Rapid rejection of multiple fraud attempts shows fraudsters that their approach is not working.

Analysts expect card-not-present fraud, mainly committed online, will increase over the next few years in the United States as the introduction of EMV chip cards makes it harder to commit fraud in stores. That’s leading online retailers to think about how to prevent that CNP fraud. It’s easy to be distracted by the complexities of modern fraud prevention tools and lose sight of a simple but important fact: Fraud doesn’t happen when the fraudster gives up.

Predictive analytics is the first step to reducing fraud

Predictive analytics is an umbrella term for a variety of techniques that analyze current and historical statistics to predict outcomes. A predictive model can reduce a business’s exposure to fraud by flagging orders that are likely to be fraud. This flagging happens when the model spots certain relationships and patterns that usually lead to fraud, so the order can be manually reviewed for approval or decline.

Fraud scoring models are based on predictive techniques that capture patterns of fraudulent activity and differentiate these patterns from legitimate purchasing activity, separating then the ‘sheep from the goats,’ so to speak. These scoring models typically assign a numeric value to each order, based on the predicted likelihood that a transaction may be fraudulent.

Well-designed fraud scoring systems enable merchants to assign points for different elements of each CNP transaction. Scored elements typically include the customer’s IP address, email service provider, and shipping and billing addresses as well as the time of day the order is placed, the AVS result code, ticket amount, type of merchandise, and shipment method. The order’s score can also vary based on the customer’s previous orders, the length of the customer relationship, and more.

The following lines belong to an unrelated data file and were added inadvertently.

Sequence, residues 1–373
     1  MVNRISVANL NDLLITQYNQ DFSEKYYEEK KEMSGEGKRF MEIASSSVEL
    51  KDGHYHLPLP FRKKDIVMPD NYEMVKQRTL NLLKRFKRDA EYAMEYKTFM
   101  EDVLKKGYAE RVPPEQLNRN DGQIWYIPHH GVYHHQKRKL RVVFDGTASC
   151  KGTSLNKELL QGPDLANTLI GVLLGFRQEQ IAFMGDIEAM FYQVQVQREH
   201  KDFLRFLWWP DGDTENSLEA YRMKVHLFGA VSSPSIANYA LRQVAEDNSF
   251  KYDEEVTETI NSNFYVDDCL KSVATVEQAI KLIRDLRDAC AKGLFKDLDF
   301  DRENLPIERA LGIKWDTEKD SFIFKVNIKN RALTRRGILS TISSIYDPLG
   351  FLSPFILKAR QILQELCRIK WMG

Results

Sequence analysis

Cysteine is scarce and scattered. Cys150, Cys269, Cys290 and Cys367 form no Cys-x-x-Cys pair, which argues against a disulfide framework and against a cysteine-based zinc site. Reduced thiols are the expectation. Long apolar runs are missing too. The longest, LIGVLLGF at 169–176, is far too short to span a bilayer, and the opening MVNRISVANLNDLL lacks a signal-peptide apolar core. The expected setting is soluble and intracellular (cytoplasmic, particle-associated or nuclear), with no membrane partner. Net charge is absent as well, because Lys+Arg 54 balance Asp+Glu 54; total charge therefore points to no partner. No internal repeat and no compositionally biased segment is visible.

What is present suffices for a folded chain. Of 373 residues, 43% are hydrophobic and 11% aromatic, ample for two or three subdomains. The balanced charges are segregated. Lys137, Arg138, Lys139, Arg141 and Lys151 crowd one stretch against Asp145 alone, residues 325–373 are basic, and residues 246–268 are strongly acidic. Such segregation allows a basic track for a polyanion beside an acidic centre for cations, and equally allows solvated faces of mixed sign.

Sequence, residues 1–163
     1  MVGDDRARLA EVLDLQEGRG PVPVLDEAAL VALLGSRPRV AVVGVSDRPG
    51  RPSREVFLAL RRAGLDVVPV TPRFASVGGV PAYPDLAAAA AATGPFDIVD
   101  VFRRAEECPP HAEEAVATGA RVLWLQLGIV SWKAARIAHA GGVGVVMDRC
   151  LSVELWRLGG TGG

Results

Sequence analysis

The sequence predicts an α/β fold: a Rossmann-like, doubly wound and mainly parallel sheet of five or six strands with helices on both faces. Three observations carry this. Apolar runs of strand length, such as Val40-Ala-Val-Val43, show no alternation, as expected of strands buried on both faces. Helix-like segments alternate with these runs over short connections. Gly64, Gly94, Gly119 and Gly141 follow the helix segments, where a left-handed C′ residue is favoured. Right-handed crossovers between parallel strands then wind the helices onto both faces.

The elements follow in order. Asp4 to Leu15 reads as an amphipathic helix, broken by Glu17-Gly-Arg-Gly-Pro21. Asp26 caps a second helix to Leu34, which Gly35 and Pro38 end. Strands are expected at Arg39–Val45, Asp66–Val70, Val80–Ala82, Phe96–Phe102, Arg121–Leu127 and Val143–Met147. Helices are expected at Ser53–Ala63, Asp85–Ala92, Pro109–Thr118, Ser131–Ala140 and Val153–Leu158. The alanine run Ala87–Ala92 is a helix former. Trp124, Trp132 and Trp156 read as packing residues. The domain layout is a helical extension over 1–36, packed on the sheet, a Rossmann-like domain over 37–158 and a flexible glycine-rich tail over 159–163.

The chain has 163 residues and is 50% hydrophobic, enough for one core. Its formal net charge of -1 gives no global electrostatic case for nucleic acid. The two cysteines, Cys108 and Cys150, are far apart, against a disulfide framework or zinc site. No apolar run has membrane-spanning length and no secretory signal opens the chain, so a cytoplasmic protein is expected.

Taken together, the scores for all the points yield the order’s overall fraud score. Merchants use these scores and benchmarks they choose in advance to sort orders for approval, rejection, or review. Merchants can adjust their sorting thresholds based on trends and time of the year to account for sales peaks and typically fraud-heavy shopping seasons.

Good predictive analytics are not enough

The chart below shows the evolution of a telecom company’s fraud attack rate and the statistical model’s performance over ten months.

With time, the model becomes more precise and refers more fraud attempts to the manual review team. After the likelihood of successful fraud drops and remains consistently low, the fraudster stops trying.

The graph below compares the incidence of fraud from the previous graph to the simulated incidence of fraud if the precision of the statistical model were to remain flat.


The difference between the actual incidence of fraud in the first month and the simulation with flat statistical model precision by month 10 is due only to a reduction in fraud attempts. In other words, the fraudsters gave up and moved on.

What can we learn from all of this?

We all understand, of course, that CNP fraud is an organized, global problem and that fraudsters are persistent and innovative in their attempts to defraud merchants and consumers. However, there are two additional fraud-prevention elements that, when used together, can convince would-be thieves that their fraud attempts are a waste of time.